YOU NEED TO KNOW HOW WILLFUL UNDEREMPLOYMENT AFFECTS CHILD SUPPORT IN LAS VEGAS
It’s always best if things work out equitably between people, but the world doesn’t always work that way, unfortunately. There are many deceptive tactics former partners can try to keep you from getting full justice, especially if children are involved. If you’re going through a divorce or separation, there are lots of tricks people will try to make any settlement less than it should be. It’s essential to understand how willful underemployment affects child support in Las Vegas. You need an attorney who can see through these ruses and will help to get what you and your family deserve.
You need The Law.
Willful underemployment in has its own section in the Nevada Revised Statutes (NRS) and occurs mostly when a parent purposefully takes a job that pays less to avoid paying child support. Two cases in Nevada law deal specifically with it, Rosenbaum v. Rosenbaum and Minnear v. Minnear. These cases set what we call a precedent, which will help us to defend or try your case.
One of the hallmarks of willful underemployment is the idea of “good faith.” Whichever side of this issue you may fall on, we will work for or against the case by this idea. “Good faith” simply means that if you or your former partner took a new job that paid less, you had a good reason for that choice. It’s possible you may have recently moved to Nevada and make less than you did where you lived before. It may be that the job market in your field was not strong enough for you to begin at the level you were at when you moved. We will look at every scenario and make our decision on how to proceed on a case-by-case basis.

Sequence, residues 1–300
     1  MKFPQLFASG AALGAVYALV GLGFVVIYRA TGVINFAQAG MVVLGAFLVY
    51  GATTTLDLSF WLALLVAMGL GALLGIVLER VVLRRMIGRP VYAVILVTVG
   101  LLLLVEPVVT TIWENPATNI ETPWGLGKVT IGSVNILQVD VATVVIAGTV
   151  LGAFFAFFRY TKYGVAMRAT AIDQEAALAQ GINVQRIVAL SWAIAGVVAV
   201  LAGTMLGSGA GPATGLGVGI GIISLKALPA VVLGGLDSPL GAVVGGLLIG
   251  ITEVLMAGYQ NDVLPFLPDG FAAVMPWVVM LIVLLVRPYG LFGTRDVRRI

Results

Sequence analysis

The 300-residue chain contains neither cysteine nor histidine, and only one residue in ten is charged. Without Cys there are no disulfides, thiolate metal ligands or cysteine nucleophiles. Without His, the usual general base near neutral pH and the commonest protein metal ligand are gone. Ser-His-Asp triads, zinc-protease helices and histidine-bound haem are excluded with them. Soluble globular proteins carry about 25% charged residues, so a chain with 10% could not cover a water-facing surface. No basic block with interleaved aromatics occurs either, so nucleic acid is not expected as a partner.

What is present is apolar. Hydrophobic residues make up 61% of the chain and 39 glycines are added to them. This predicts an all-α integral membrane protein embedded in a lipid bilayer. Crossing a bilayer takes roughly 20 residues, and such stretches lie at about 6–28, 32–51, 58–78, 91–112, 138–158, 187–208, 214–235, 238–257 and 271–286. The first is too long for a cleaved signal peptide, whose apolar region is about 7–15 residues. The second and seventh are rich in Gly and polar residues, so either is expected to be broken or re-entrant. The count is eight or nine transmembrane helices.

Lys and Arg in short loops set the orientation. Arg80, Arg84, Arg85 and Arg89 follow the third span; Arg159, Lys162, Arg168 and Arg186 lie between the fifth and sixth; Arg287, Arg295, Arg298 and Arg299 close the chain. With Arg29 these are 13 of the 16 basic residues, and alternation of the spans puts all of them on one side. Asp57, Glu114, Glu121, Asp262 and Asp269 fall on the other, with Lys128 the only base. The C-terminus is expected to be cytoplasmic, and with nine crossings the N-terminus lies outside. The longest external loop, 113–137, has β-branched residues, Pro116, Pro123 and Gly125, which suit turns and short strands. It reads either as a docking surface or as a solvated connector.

Several possible scenarios for proving or disproving willful underemployment exist:
- the paying obligator parent loses or is terminated from a job
- the paying obligator parent chooses an employment change
- the paying obligator parent stops working to pursue further education
- the paying obligator parent gets incarcerated in prison or jail
- the paying obligator parent stops working because of martial responsibilities or to care for or raise minor children.
Like the two cases listed above, a solid body of Nevada case law exists. I know these cases well and can use them to maximize your award.
There are legal minimums established by the NRS that we can get for you, starting at $100 per month per child. Even if your former partner is choosing to pursue willful underemployment as a strategy to pay less, I know how willful underemployment affects child support in Las Vegas and we protect your rights and the rights of your children. Judges can award money above a person’s income level if we can prove willful underemployment. There are plenty of cases I can show you of people who have gone through this before you and won.
If your former partner is not acting in “good faith” and wants for his or her own selfish motives to deny your kids enough money for a decent life, you need an attorney who will get you the judgment you and your children deserve.